F E A T U R E S
Adventure at the End of the Century
The sight of George Leigh Mallory's well-preserved body on Everest confirms that adventure, like life, is not always pretty. It means risking all on a mountain—as Mallory did, with tragic results, and as Edmund Hillary did, triumphantly—or putting yourself at the mercy of the wind, as Bertand Piccard and Brian Jones did when they circled the world in a balloon. As we near the close of a remarkable year in a remarkable century of adventure, this is our tribute—to the mystery, the gallantry, and the lure of the overwhelming world outside.
Ghosts of Everest
It took 75 years for Everest to loose its frozen grip on George Mallory, and an instant for the news to rocket around the globe. In the months since the 1999 Mallory and Irvine Research Expedition returned to sea level, the team leaders haven't told the full story of their mission on the brutal North Face, nor have they revealed the provocative key evidence they found enshrouded there. Until now.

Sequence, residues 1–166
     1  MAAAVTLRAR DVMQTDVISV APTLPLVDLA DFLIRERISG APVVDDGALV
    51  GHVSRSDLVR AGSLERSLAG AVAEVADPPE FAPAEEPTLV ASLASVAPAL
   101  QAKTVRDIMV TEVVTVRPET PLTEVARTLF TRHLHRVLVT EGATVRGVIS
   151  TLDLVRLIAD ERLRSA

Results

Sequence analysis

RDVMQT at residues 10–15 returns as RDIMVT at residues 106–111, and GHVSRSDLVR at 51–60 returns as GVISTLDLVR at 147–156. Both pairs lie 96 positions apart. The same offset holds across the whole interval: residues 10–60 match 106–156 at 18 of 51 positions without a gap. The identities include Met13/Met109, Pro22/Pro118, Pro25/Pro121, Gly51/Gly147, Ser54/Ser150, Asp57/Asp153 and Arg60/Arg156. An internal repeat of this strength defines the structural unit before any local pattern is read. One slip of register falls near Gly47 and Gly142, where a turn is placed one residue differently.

By Jochen Hemmleb, Larry Johnson, and Eric Simonson
The Man Who Knocked the Bastard Off
On a sunny day in 1953, a tall young New Zealander named Edmund Hillary became the first human to stand atop the world's highest mountain—and, thereafter, a paragon of grace and bonhomie for explorers who would follow.
The first humans to circumnavigate the globe by hot-air balloon had to be diplomats, meteorological seers, engineering savants, and very, very, very lucky guys. From takeoff in Switzerland to landing in the Egyptian desert, come fly with the duo who made it up, up, and the all the way around.
Letter to My Future Brother-in-Law
Suppose your sister falls for a feckless, thrash-loving, rock-and-snow-worshipping bon vivant (i.e., a guy not unlike lots of people who read this magazine). And then she has his baby. And then, even though he's still sowing his wild oats, she announces she's going to marry this dude. What do you do?
By Steve Friedman